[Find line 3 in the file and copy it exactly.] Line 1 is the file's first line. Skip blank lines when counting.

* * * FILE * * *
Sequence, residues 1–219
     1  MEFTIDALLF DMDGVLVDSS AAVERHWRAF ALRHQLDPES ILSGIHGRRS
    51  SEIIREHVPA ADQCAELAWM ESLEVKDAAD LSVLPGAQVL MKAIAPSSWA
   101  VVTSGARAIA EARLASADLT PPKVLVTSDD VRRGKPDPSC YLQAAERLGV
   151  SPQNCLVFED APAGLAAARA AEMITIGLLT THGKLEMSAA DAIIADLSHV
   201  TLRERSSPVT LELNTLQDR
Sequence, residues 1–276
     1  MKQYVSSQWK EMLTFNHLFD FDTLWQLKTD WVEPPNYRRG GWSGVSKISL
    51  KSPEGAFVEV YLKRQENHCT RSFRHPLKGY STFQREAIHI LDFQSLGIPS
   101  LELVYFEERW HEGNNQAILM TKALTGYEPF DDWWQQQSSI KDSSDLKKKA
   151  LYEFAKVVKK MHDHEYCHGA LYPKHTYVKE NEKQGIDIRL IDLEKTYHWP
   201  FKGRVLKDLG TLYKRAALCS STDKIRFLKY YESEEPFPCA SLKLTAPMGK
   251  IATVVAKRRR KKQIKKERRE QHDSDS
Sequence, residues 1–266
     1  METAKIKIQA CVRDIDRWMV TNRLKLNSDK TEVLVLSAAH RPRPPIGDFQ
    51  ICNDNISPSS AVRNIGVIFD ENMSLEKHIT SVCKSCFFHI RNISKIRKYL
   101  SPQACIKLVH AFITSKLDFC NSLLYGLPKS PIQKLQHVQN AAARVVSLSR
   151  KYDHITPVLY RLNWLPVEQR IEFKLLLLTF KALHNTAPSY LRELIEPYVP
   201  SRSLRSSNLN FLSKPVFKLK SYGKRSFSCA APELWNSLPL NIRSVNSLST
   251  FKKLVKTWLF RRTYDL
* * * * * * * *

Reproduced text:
    51  SEIIREHVPA ADQCAELAWM ESLEVKDAAD LSVLPGAQVL MKAIAPSSWA